Stan & Joan DeOrsey
Having spent the better part of the cold season
on a southern beach, Tybee Island near Savannah, we learned to
appreciate how tides effect birding. An incoming tide, the time
between low tide and the next high tide, brings nutrients on
each wave and always found the gulls and sandpipers present in
larger numbers, as well as feeding more actively. The Sanderlings
run in and out, while the Willets and Least Sandpipers probe
determinedly. Ring-billed Gulls have an interesting dance they
do standing in one spot loosening sand as the surf runs out.
Offshore birds such as Northern Gannets tended to fish closer
to shore on an incoming tide, especially with an on shore breeze.
Around the time of high tide also finds more birds present,
often roosting on the beach, such as Purple Sandpipers and Ruddy
Turnstones, as the high tide has pushed them off otherwise exposed
rocks and mud flats. The highest high tides occur during the
full moon and almost as high for the new moon. This is a great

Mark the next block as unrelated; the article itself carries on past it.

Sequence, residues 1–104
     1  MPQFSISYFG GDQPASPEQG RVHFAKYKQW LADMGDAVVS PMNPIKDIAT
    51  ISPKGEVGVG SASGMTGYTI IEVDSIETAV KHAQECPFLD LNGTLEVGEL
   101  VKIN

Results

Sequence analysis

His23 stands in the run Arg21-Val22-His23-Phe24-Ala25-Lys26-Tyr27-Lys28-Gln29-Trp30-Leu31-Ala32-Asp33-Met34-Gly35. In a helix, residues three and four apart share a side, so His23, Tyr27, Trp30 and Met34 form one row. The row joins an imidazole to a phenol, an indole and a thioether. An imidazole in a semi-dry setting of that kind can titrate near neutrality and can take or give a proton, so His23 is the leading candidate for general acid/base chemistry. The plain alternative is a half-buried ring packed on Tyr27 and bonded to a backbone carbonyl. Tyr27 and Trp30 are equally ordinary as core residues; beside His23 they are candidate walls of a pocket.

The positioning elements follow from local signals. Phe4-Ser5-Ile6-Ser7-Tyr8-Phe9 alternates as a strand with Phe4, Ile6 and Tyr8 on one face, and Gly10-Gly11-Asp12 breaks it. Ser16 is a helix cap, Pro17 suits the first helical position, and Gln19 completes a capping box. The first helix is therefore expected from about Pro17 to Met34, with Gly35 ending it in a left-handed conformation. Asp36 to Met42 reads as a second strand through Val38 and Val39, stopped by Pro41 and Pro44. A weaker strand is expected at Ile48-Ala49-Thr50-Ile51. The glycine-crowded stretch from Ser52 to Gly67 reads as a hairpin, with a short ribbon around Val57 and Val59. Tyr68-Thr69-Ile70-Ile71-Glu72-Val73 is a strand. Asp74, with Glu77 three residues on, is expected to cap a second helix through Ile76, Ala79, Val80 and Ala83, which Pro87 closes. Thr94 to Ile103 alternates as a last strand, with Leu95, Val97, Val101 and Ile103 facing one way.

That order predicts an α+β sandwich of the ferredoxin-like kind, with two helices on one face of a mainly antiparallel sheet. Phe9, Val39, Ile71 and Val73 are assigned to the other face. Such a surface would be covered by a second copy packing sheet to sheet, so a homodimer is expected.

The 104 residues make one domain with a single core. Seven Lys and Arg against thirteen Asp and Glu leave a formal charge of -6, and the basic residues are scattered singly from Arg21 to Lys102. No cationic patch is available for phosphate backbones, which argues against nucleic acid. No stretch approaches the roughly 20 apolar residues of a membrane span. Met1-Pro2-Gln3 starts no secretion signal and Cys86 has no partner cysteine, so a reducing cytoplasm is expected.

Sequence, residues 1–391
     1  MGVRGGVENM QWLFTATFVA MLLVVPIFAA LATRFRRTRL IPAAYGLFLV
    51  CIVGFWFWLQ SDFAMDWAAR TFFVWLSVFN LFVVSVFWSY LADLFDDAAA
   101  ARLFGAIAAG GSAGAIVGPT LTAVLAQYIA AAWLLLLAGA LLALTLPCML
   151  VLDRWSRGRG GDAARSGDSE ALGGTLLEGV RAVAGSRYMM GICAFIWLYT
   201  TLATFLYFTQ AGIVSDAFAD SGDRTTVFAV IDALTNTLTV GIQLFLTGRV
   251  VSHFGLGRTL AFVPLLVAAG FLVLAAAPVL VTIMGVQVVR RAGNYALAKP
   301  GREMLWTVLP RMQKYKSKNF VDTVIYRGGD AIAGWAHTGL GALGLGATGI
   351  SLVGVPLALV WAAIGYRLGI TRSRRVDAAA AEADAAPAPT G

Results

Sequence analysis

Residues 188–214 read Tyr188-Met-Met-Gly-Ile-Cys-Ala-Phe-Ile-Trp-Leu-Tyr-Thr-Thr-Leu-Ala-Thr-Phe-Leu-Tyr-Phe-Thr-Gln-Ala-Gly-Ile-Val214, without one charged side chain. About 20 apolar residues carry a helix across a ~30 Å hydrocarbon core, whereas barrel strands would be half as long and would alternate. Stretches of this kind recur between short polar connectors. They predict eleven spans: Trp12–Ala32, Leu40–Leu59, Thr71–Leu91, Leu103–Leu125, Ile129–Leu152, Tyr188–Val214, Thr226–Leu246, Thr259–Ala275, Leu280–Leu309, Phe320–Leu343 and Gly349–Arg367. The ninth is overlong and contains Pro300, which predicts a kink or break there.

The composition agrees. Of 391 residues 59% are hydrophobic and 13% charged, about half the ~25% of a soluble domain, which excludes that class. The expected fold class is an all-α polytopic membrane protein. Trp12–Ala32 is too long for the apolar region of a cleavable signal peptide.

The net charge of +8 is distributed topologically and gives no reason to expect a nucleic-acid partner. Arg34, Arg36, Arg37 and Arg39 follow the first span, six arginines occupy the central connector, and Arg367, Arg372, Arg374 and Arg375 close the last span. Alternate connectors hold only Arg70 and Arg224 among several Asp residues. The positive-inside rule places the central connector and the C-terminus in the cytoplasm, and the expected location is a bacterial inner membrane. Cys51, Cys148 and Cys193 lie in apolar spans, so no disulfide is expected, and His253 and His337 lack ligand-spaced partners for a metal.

time to search for Marsh Wren and Seaside and Sharp-tailed Sparrows
as well as rails which are pushed into bushes and grassy areas
where these elusive birds may be more readily seen.
The draw back of low tide is that it often exposes vast areas
which allow sandpipers to disperse and be further away from shore
and thus further from view. You will only advance across a mud
flat once, hopefully in shoes you do not intend to wear again!
On the other hand if you know a good vantage point overlooking
confined mud flats then low tide is the time to be there.
Of course a lot more than tides effect concentrations of birds.
The time of day, weather, man made disturbances, season, and
food supply play nearly equal roles. But if you are planning
a day trip to the shore, particularly a habitat of beaches, mud
flats, or submerged rock outcrops, check the tide tables so you
are present on an incoming morning tide. Then avoid summer beaches
and don't become trapped by high tide!
Over Dutchess, May